PILLAR (0. Fr. piler, Mod. pilier,
See also:common applications, as to columns supporting the girders of awarehouse
See also:floor or the deckbeams of a
See also:ship, to the single central support or pedestal of a table, machine-
See also:tool, &c., and to the masses of
See also:coal which the miner leaves in certain methods of working as supports to the roof (see
See also:Cord); it is also used figuratively of persons in such phrases as a " pillar of the state." In architecture it has strictly the second sense . The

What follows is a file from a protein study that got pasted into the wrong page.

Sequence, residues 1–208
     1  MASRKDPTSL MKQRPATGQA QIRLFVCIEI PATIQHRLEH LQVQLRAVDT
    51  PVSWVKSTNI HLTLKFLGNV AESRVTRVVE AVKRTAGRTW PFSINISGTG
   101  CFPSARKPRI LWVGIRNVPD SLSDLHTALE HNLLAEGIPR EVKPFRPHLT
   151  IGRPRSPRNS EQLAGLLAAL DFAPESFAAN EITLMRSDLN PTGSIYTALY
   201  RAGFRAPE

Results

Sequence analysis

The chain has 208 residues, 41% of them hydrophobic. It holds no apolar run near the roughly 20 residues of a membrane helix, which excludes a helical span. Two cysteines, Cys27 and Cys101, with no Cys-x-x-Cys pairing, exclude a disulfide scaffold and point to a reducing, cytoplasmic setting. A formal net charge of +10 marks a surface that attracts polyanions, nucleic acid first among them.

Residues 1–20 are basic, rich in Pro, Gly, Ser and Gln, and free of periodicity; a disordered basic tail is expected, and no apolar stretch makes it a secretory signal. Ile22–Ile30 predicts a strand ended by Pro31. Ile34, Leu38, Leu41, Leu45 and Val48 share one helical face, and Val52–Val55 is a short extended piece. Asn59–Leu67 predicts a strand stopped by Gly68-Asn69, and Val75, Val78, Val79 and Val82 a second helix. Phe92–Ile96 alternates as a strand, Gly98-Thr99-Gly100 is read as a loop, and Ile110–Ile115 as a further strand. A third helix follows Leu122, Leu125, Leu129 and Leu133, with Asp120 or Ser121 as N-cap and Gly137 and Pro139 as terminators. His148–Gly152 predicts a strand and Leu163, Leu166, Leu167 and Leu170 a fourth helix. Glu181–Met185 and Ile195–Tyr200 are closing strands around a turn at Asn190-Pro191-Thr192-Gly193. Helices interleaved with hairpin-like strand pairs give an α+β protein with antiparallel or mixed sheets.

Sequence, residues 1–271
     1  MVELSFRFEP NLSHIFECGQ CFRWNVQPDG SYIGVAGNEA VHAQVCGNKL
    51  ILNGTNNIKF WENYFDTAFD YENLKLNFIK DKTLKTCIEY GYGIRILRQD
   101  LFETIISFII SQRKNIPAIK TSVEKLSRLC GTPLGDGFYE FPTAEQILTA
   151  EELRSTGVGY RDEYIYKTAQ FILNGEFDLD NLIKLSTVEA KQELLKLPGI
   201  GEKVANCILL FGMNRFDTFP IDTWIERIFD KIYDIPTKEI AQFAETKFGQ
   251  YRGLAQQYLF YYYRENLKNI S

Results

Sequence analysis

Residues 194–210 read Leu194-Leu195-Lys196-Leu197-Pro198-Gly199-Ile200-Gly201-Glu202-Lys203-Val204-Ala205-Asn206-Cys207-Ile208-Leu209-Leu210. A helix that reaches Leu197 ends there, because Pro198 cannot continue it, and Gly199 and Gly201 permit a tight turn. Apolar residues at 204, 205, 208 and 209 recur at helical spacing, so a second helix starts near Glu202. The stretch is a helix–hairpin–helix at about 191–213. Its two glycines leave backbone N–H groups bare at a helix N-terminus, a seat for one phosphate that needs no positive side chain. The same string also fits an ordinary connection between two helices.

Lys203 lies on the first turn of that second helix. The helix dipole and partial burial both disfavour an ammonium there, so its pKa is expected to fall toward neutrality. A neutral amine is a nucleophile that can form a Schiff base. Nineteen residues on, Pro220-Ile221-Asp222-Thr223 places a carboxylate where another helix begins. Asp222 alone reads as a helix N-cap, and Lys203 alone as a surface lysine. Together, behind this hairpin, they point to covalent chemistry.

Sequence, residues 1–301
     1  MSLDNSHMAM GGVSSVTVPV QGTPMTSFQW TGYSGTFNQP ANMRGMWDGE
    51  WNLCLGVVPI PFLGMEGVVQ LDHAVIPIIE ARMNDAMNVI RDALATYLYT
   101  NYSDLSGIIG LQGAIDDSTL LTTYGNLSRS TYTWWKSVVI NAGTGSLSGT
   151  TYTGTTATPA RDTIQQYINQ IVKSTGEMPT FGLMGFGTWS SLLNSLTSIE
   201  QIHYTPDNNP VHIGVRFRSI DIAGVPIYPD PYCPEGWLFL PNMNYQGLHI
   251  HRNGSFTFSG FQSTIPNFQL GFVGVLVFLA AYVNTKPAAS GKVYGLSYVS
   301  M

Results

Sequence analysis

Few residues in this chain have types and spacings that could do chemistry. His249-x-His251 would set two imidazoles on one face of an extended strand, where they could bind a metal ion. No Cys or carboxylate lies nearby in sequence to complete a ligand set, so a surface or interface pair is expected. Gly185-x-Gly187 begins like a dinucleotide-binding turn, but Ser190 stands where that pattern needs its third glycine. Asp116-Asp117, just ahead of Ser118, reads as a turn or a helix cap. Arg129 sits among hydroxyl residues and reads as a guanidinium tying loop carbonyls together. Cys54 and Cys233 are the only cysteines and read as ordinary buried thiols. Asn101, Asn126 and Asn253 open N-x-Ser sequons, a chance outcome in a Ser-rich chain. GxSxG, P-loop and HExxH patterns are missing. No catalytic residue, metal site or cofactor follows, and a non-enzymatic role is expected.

See also:column erected in
See also:honour of
See also:Diocletian at Alexandria is known as
See also:Pompey's pillar, and the so-called columns of Trajan and
See also:Antoninus are in reality pillars, performing no structural
See also:function beyond that of carrying a statue . In India the only example is the iron pillar at
See also:Delhi, which is an extraordinary specimen of the iron-worker's
See also:art considering the remote date at which it was made . Up to the
See also:middle of the 19th century the
See also:term " pillar " was employed to designate the masses of
See also:masonry in a
See also:church, which carry the arcades, but now the term "
See also:pier" is invariably adopted in preference .
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